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Russia, North Korea Sign Pact To Provide Military Help To Each Other If Attacked

North Korea and Russia revived their 1961 mutual defence pact, signing an agreement for military assistance in case of attack.

North Korea and Russia have signed an agreement to provide immediate military assistance to each other in the event of armed aggression. The pact, signed by Russian President Vladimir Putin and North Korean leader Kim Jong Un, marks Putin’s first visit to North Korea in 24 years and is being seen as a revival of a mutual defense agreement originally established under a 1961 treaty between the Cold War allies.

The new agreement for a “comprehensive strategic partnership” is considered one of the most high-profile moves by Moscow in Asia in recent years. Article 4 of the pact stipulates that if either country faces an armed invasion and enters a state of war, the other will use all available means to provide military and other assistance. This provision is in accordance with Article 51 of the U.N. Charter, which allows for individual or collective self-defense actions by member states.

This pledge comes at a time when both countries are facing increasing international isolation. The United States and its Asian allies have expressed growing concern over the extent of Russia’s support for North Korea, which remains the only country to have tested a nuclear weapon in the 21st century.

During the signing, Kim Jong Un echoed Putin’s statements, linking their strengthened ties to a mutual opposition to the “hegemonic and imperialist” policies of the West, particularly those of the United States, including its support for Ukraine.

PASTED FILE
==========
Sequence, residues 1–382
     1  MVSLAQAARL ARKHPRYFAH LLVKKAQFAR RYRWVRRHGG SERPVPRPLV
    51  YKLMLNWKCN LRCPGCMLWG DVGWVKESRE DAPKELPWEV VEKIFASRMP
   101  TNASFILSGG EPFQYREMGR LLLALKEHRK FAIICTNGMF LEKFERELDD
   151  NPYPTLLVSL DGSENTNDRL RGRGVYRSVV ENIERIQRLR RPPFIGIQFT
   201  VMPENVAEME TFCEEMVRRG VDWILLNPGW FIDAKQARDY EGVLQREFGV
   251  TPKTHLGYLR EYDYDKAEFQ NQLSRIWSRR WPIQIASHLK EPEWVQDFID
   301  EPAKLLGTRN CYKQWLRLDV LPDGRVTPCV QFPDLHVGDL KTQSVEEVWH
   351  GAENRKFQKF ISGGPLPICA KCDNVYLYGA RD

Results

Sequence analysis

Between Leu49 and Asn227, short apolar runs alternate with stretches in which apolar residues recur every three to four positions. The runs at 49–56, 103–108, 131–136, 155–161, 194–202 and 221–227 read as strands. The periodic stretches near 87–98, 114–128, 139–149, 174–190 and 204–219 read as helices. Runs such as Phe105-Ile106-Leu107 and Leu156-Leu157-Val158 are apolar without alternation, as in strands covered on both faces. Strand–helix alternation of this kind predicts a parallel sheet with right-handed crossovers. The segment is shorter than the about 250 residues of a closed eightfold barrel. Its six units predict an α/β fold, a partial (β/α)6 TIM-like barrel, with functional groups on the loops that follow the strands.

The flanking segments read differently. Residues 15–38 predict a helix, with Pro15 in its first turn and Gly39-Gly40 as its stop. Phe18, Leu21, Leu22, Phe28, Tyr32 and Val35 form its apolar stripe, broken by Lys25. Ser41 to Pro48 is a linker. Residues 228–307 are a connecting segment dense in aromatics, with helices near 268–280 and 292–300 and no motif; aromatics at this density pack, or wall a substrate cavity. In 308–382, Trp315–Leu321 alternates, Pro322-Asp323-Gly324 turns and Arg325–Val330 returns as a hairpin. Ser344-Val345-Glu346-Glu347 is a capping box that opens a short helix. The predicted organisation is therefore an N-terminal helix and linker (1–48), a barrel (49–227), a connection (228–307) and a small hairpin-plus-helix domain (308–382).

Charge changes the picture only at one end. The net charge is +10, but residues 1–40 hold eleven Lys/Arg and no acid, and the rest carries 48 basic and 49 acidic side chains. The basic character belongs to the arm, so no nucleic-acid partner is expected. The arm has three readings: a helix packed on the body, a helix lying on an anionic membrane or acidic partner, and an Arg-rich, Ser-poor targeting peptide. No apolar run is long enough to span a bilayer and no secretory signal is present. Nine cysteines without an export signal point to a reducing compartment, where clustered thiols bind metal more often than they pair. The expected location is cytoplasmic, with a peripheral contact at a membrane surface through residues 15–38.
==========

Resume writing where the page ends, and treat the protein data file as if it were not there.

The agreement also includes a clause that neither country will sign treaties with third countries that could harm the interests of the other, and they will not allow their territories to be used to compromise the other’s security and sovereignty. Additionally, the pact states that both nations will undertake joint actions to strengthen defense capabilities and ensure regional and international peace and security.

Reactions to the agreement have been varied. Japan has expressed “grave concerns” regarding Putin’s openness to military cooperation with Pyongyang. South Korea and the White House have not yet commented on the specifics of the agreement. Meanwhile, China’s response, despite being North Korea’s main political and economic ally, has been muted.

Washington and Seoul are particularly alarmed by the deepening military cooperation between Russia and North Korea. They have accused the two nations of violating international laws by trading arms, reportedly for use in Russia’s war against Ukraine. Ukrainian officials have claimed to have found North Korean missile debris within their country, though both Russia and North Korea deny any arms trade.

Ukrainian presidential aide Mykhailo Podolyak has criticized Russia, a permanent member of the U.N. Security Council, for undermining sanctions designed to curb North Korea’s weapons development. NATO Secretary General Jens Stoltenberg stated that the agreement is indicative of a growing alignment among authoritarian powers.

During his visit to Pyongyang, Putin thanked Kim for North Korea’s support of Russian policies, with Kim reaffirming his “unconditional” and unwavering support for all of Russia’s actions, including the war in Ukraine.

The full text of the agreement, released by North Korea’s state news agency KCNA, also outlines cooperation in areas such as nuclear energy, space exploration, and food and energy security. According to Cha Du Hyeogn, a former South Korean government official and fellow at the Asan Institute for Policy Studies in Seoul, the mutual defense pledge closely mirrors the 1961 treaty between North Korea and the Soviet Union. However, the reference to the U.N. Charter and each country’s laws leaves room for interpretation, suggesting that while Kim is fully committed to the agreement, Putin may be exercising some caution.

This renewed alliance between North Korea and Russia adds a new dimension to the strategic calculations in the region, potentially altering the balance of power and increasing tensions among global powers.

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